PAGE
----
Editing Duo Worked Together to Raise ‘Black Panther’ to Blockbuster Status

Debbie Berman brought Marvel superhero experience to the table. Michael Shawver contributed his longstanding relationship with director Ryan Coogler. Together, the duo edited “Black Panther,” a cultural phenomenon, critical success and, oh, one of the most successful films of all time, which has grossed over $1.3 billion internationally and is now a major Oscar contender.

Prior to “Panther,” Berman had cut Marvel’s “Spider-Man: Homecoming.” Shawver had worked with Coogler on “Fruitvale Station” and “Creed.” They joined forces for “Panther,” a monumental undertaking that began with over 500 hours of footage and yielded a two-and-a half-hour blockbuster that people are still talking about even though it was released nearly one year ago.

Working with director Coogler, Berman and Shawver expertly balanced the film’s various strands – superhero action, world-building visuals, political context, an Afro-centric message – into an audience favorite that will be remembered not only for its storytelling prowess but also for its social relevance and uplifting vision of diversity in an imperfect world.

Variety: How did the two of you meet? Did you know each other before you worked together on “Black Panther?”

Shawver: We first met on “Black Panther.” Ryan (Coogler) had asked Marvel to recommend editors they had worked with. Because the movie has many strong female characters we preferred a female perspective. They gave us names, including Debbie, and about five minutes into the meeting, just hearing her story of how she got to be on “Spider-Man” and how she got to be sitting in front of us – we could tell that she could give this movie what it needed, and that she could gel with our team.

Berman: Yes, there was an instant of kinship as soon as we met each other. I had been passionate about movies my whole life and I recognized the same passion in Michael and Ryan. Sharing a job with someone is a complex thing, and if someone doesn’t care about every frame as much as you do, it’s not going to work out. I could tell that Mike was equally passionate about not just filmmaking in general but about this film in particular.

Debbie, you edited a visual effects movie before, but, Michael, you had less experience in that area. Was there a learning curve?

Shawver: Yes, and Debbie understood that and helped Ryan and me learn the ins and outs of working with so many effects. The process starts right away. You want to be able to know what takes to start working on.

Berman: The great thing about visual effects is that everything you can imagine can become true. One day it’s just text on the screen and the next day it’s a shot. It’s so exciting: Wait a minute, those were just words that came out of my mouth. It’s so much fun to be able to originate as opposed to react, because as an editor you’re reacting to existing footage and in this film you’re imagining and collaborate with the vfx team.

How did you divide the tasks of editing? Did you work on separate parts of the film?

Berman: Yes, we worked on separate sections. On such an effects-heavy film it can be useful to have ownership of a section. But we always collaborated and commented on each other’s scenes and gave each other suggestions.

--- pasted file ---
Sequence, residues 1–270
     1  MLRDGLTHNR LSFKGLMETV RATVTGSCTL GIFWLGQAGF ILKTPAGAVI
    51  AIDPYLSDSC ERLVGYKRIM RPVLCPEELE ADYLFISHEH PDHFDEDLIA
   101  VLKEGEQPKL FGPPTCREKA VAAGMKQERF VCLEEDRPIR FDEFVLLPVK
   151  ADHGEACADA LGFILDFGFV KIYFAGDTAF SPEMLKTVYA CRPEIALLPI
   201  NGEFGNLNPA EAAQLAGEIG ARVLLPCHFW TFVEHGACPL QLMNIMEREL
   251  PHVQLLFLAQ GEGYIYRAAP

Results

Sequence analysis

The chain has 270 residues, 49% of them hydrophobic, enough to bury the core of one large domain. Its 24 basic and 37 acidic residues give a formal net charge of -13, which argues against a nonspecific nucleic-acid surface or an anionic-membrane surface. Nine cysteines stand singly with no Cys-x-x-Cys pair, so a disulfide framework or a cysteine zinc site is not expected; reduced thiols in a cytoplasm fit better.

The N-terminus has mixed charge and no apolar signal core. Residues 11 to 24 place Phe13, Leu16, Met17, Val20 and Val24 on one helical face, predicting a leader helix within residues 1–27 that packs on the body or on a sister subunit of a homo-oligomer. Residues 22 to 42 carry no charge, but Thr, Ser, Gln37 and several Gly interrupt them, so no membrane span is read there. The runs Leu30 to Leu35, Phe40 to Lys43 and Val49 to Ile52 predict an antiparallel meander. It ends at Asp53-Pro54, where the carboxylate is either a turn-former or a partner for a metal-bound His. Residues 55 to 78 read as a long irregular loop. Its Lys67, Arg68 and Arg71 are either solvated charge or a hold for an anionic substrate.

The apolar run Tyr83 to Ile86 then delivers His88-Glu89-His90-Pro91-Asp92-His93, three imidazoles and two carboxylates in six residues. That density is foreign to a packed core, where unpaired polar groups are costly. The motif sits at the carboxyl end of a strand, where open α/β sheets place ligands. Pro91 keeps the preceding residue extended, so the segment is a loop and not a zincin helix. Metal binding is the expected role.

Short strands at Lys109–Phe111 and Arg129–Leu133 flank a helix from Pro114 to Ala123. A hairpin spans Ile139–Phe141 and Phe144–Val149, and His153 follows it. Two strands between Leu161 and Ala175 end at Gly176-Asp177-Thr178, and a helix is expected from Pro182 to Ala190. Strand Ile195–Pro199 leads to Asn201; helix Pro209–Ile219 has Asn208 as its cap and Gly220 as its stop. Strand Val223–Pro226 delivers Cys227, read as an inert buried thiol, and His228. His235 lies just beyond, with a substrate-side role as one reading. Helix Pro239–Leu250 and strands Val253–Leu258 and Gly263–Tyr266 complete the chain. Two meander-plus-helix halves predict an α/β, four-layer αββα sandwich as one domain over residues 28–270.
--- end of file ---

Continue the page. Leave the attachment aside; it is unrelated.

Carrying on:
Shawver: We were in separate suites on the Disney lot, but there wasn’t a day that we didn’t pull each other in and talk about everything from things in the movie to the current state of the world. And we noticed that those conversations and discussions about diversity brought a lot to the movie.

Were there parts of the movie either of you wanted to take ownership of?

Berman: I cared a lot about the women in the film. They were my ladies and I had their backs

How often was Ryan in the suites with you?

Shawver: Ryan was there when he could be, and he’d always come back for discussions. He’s the kind of filmmaker who wants to be involved with everything, and for him everything has to have authenticity and honesty. That’s one of the reasons there was so much footage. Ryan can get halfway done shooting a scene, then something dawns on him to make it better, so he would switch it up and bring that to it.

In addition to working in the suite, how often were you guys on the set?

Shawver: I was on set a few times during production. Debbie was there for the reshoots.

What systems did you edit on?

Berman: We use Avid, because it can handle big projects of this kind.

While on set, what kind of input did you have?

Shawver: I was there for the casino sequence. Ryan originally conceived it as a single shot, which is absolutely terrifying for an editor to hear because you want to have options. But with all the logistics, explosions, gunshots, stunts and camera moves, it had it had to have cuts to make it work, and I was just outside the set on a laptop making sure it all worked.

Berman: When I was on the set for additional photography, I suddenly had this flash. Ryan and Rachel [Morrison, the DP] and I were standing together discussing a shot, and I suddenly saw there was an African American director, a female DP, a female editor, and we were making a $200 million film together.

And not to mention production designer Hannah Beachler and costume designer Ruth Carter, who are both African-American women.

Berman: Right. That’s never happened before. I started getting chills. I think that’s one of the reasons why this film has been so special to a lot of people.

What’s next for the two of you?

Berman: I’m still editing “Captain Marvel.”

Shawver: I’m working on a film about a bank robber, “Honest Thief,” starring Liam Neeson.